Select the right NAS filer

Although NAS has evolved well beyond its beginning, there is still a place in many enterprises for a simple, no-frills NAS filer to take care of storage for workgroups or remote offices. According to Quantum Corp., there are a number of things you can reasonably expect from a NAS filer. Compare filers on these characteristics as you consider which you might need.

Easy installation: This is the classic selling point of NAS. According to Quantum, a standard installation should take no more than fifteen minutes to plug in the filer and get it running.

Ease of storage management: This has always been the classic drawback to NAS. Because the filers are so independent they have the reputation of being hard to integrate into the enterprise's overall storage management architecture. This is one area where filers have gotten a lot better in the last couple of years. Still, it's important to see if the filer you're considering is compatible with your storage management software.

Compatibility with existing enterprise networks: Since a filer is a network device, it has to work on your network.

Cross platform file sharing: If you're a multi-OS environment, it's helpful if your

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filer can handle files from all the operating systems you use.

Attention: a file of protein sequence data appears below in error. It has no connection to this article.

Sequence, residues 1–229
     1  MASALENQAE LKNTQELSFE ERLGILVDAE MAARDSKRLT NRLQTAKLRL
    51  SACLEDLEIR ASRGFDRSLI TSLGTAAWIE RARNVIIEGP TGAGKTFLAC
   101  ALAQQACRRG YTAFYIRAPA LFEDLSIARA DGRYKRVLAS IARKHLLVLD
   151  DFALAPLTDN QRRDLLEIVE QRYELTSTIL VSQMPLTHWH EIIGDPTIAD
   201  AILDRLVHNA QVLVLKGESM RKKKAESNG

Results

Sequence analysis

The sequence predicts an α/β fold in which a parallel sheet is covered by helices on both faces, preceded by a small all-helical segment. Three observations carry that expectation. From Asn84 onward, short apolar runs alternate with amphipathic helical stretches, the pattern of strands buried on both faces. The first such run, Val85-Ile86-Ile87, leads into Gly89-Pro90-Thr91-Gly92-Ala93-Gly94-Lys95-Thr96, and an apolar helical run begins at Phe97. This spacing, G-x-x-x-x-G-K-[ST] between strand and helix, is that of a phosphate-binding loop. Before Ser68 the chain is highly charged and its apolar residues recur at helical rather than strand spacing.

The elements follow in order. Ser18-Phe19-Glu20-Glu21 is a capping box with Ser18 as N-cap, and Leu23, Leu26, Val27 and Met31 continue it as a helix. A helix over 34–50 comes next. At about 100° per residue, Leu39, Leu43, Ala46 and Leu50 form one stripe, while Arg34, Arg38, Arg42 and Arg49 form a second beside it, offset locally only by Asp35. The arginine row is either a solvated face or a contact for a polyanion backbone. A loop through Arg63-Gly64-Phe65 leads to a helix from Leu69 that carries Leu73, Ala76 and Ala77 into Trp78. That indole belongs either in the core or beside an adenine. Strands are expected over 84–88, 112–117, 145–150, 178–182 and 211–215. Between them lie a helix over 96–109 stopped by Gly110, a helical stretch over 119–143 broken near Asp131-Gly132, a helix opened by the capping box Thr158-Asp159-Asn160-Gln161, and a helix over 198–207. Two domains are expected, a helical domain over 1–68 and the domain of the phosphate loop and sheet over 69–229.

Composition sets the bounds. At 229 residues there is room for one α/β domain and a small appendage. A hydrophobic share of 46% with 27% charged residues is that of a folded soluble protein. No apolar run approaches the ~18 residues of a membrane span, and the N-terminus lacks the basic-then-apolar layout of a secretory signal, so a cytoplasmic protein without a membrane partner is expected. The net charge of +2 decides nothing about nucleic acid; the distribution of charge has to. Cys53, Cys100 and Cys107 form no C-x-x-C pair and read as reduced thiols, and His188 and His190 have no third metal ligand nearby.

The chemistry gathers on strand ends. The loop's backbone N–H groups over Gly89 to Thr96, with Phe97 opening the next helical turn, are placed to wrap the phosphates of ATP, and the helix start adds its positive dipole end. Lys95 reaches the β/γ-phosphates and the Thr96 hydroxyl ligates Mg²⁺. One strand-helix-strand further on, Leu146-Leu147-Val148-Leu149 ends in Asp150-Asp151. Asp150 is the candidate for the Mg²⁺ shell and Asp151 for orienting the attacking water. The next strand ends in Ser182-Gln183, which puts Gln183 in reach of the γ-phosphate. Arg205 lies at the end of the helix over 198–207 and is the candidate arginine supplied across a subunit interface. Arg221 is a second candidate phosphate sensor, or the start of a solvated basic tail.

Network security: This is an area where the bar has gone way up in the first couple of years. Today we expect the things we connect to our networks to be more inherently secure. Make sure the filer's security features meet your organization's standards.

Compatibility with established backup policy: Ideally your NAS filers should back up at the same time in the same way as your other storage devices. Some filers are backed up over the network while some have the option to attach a separate tape drive or library and do the backup locally. Pick a filer that fits with the way you handle backups.

Quantum has a white paper titled "Selecting the right NAS file server for your workgroup LAN".

Rick Cook has been writing about mass storage since the days when the term meant an 80K floppy disk. The computers he learned on used ferrite cores and magnetic drums. For the last twenty years he has been a freelance writer specializing in storage and other computer issues.

This was first published in May 2003

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